You will then explore the coastline, home of some of Brazil’s best and least known beaches and far less populated with tourists than the resorts of Recife and Rio. You will either stay in locally owned Pousadas (guesthouses) or camp under the stars, as you pass through Linhares to Itaunas. Time can be spent exploring this sleepy fishing village or wandering the dune trails and relaxing on the beach.
Caravelas is your next destination, on the mangrove lined Rio Caravelas. You have the option to take a day trip to the nearby reefs in Parque Nacional Marinho de Abrolhos, where there is the chance to swim with sea turtles. Alternatively the day can be spent on the beach or wandering along the riverfront.
Venturing further north, you pass by some of the more remote beaches, where you may either camp or stay in local Pousadas. If time allows, you may also stop off in Parque Nacional Monte Pascoal which is controlled by the local Pataxo (pa-ta-sho) Indians. Here you can walk the trails to try to spot the endangered spider monkey, sloths, porcupines, capybara, deer, elusive jaguar and numerous species of bird.
Porto Seguro is your next stop and is the region where Portuguese sailors first landed in the New World over 500 years ago, and where you can still see relics from those early settlement days. A steep climb up to Cidade Historica will be rewarded with sweeping views, colourful old buildings and museums. Porto Seguro is also known for its nightlife and ‘beach action!’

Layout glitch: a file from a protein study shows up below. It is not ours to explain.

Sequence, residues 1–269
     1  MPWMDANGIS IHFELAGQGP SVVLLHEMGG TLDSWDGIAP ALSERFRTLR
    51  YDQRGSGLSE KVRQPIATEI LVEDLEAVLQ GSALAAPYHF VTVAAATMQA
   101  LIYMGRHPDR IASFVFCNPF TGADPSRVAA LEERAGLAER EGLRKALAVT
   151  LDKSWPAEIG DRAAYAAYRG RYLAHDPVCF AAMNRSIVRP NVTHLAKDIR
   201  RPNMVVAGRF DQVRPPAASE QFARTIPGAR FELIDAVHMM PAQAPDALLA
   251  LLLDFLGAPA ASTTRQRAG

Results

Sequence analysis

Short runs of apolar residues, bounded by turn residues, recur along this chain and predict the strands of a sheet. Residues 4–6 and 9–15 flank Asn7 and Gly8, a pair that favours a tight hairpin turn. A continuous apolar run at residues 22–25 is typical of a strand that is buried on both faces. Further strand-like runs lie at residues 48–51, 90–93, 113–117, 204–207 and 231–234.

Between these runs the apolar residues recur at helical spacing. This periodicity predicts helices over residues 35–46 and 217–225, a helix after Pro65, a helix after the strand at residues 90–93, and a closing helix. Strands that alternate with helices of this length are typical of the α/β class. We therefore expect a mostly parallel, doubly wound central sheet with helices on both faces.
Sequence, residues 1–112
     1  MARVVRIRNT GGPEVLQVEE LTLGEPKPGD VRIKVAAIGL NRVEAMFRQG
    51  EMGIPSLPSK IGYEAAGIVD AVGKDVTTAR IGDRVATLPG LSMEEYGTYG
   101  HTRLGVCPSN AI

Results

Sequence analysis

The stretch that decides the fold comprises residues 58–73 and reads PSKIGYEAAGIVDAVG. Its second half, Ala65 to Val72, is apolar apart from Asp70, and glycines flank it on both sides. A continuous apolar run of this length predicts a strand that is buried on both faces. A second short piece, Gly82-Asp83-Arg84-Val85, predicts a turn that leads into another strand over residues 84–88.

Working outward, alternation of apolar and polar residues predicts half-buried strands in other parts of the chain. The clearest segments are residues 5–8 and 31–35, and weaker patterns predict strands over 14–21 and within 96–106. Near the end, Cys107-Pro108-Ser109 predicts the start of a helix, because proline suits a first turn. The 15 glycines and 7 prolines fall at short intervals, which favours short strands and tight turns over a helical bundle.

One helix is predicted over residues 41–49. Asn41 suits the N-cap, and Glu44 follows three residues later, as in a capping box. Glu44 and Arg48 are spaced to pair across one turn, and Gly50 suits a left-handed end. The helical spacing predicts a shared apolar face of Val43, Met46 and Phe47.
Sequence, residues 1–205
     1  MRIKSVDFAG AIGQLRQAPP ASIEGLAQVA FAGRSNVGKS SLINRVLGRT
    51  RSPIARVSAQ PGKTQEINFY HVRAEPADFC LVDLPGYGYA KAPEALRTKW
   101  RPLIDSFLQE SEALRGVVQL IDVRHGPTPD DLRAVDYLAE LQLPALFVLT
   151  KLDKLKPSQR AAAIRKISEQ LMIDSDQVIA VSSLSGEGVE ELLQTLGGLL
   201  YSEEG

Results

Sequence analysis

You then take the ferry across Brazil’s largest bay, Baia de Todos os Santos, and arrive in the Afro-Brazilian city of Salvador. Around 40% of all African slaves transported to the new world came to Salvador and this has left a very particular vibe – tropical, soulful and intoxicating, that is unique to this corner of Brazil. The centre is separated by a steep bluff, in to the Cidade Alta (Upper City) and Baixa (Lower City) and access is gained in the beautifully restored art-deco elevator – Elevado Lacerda. You have a few days to wander and take in the music, cuisine and religion of the region. You can also stop off in the Praca da Se and watch locals practicing the dance fighting known as Capoeira.
Heading west, you come to the quaint town of Lencois. With its cobbled streets and brightly painted 19th Century buildings, it’s the prettiest of the old diamond mining towns. The mighty Fumaca waterfalls, various caves and idyllic rivers and panoramic plateaus set the stage for some fantastic adventures. Or maybe just wander the streets, grab a coffee, take in the local life and enjoy some of the excellent cuisine.